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Three by Ekman: the Royal New Zealand Ballet shows its witty, ingenious side


NEWS  by Jack Yan/May 20, 2017/12.01



Stephen A’Court

Swedish-born choreographer–director Alexander Ekman, it transpires, was the first person Francesco Ventriglia called when he was first appointed artistic director of the Royal New Zealand Ballet. Ekman, says Ventriglia, creates choreography that is ‘different, brave, intelligent, witty and fun,’ and he sees the work as being the equivalent of ‘good food’ for the dancers. The three ballets in Three by Ekman are certainly that: modern and relevant, yet somehow also timeless in their appeal. Tuplet, Episode 31 and Cacti keep audiences gripped, while taking us on a journey into unexplored territories.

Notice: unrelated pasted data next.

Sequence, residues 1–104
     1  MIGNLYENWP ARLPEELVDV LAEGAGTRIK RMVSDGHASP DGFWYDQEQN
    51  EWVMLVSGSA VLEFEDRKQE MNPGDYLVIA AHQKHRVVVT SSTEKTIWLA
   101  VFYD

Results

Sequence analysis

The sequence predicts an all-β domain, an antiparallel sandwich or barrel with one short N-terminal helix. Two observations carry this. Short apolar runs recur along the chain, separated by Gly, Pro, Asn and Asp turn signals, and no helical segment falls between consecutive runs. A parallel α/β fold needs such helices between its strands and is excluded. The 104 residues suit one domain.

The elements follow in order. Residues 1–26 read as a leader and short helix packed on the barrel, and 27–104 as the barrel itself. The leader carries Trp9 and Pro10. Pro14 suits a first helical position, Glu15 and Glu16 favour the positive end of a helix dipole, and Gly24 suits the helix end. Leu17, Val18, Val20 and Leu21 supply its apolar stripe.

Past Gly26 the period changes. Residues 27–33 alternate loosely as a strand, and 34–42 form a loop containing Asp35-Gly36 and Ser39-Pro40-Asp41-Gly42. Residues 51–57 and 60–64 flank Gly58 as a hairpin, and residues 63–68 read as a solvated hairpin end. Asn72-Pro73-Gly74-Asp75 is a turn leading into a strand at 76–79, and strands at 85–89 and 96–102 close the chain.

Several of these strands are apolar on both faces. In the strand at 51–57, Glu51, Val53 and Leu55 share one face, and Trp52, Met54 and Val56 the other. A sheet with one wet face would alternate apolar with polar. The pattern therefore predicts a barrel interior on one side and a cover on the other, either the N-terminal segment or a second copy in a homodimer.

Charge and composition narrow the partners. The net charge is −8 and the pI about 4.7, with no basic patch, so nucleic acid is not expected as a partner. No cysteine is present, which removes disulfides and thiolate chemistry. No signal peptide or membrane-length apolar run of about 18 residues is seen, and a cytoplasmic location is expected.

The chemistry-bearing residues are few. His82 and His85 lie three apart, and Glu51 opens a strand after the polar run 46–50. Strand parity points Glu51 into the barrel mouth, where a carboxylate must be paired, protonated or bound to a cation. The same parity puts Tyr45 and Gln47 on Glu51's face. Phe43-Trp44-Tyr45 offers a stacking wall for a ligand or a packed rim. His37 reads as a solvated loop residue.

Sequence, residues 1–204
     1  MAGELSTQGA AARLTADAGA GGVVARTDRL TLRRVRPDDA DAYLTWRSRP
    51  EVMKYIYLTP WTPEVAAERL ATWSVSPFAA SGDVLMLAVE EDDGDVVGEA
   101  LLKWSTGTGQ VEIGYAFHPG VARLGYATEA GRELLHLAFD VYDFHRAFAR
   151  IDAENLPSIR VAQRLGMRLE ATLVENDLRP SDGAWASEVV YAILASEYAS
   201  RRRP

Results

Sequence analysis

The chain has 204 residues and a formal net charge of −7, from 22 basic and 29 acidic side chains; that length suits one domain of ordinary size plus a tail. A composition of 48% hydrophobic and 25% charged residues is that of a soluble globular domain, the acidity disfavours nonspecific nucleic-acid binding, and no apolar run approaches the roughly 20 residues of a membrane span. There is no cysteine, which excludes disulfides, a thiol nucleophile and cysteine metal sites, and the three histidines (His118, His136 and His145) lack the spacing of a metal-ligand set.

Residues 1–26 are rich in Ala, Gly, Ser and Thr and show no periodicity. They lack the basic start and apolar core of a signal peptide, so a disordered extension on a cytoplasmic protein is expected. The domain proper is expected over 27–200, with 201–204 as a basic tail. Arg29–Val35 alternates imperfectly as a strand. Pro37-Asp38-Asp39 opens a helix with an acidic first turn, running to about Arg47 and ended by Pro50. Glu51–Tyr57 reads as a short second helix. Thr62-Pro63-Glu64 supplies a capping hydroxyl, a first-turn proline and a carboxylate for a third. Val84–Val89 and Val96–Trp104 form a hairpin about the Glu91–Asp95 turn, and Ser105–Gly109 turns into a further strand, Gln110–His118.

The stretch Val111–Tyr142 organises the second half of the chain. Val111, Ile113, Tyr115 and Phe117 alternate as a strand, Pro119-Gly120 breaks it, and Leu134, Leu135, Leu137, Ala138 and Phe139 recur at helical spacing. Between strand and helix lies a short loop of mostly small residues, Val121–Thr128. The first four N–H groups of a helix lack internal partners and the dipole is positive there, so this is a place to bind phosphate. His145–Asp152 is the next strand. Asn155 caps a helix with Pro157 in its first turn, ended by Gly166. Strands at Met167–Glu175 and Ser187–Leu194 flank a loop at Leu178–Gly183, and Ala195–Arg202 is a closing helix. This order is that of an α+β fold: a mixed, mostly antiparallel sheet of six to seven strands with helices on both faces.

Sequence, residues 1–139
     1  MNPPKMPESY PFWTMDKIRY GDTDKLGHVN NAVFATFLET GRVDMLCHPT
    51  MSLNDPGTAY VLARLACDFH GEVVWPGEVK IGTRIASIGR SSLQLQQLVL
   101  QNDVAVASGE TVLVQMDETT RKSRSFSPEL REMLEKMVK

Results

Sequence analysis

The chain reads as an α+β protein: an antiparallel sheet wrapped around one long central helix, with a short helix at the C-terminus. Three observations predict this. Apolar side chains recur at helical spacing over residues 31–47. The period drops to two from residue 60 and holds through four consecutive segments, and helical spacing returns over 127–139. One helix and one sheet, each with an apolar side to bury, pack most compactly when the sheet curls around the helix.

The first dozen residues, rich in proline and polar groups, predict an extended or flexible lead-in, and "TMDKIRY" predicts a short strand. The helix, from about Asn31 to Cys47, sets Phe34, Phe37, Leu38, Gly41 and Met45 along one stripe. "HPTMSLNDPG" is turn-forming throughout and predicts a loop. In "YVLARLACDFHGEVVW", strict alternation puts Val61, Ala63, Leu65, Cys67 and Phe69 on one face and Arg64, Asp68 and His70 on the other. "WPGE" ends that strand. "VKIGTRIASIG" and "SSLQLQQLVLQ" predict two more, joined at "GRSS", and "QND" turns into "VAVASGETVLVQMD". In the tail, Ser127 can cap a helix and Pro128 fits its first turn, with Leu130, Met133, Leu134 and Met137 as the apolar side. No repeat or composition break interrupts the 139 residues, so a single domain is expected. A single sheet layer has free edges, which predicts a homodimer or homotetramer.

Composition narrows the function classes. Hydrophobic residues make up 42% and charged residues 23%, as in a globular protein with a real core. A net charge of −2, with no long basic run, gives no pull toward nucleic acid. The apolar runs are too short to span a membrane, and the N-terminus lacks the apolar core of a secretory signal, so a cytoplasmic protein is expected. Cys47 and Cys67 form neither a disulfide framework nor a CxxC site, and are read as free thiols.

They aren’t fully unexplored, mind: regular RNZB attendees will remember Cacti from last year’s trio of ballets in Speed of Light, but seeing it again this time was a renewed pleasure, and connecting it to two more Ekman ballets gives it an extra dimension. As the third ballet, Cacti was a fitting conclusion: when you’re in Ekman’s world, you almost want to stay in it in an attempt to understand the creativity that drives this talented and important modern choreographer. It’s a world that’s energizing, spontaneous, but cheekily self-aware.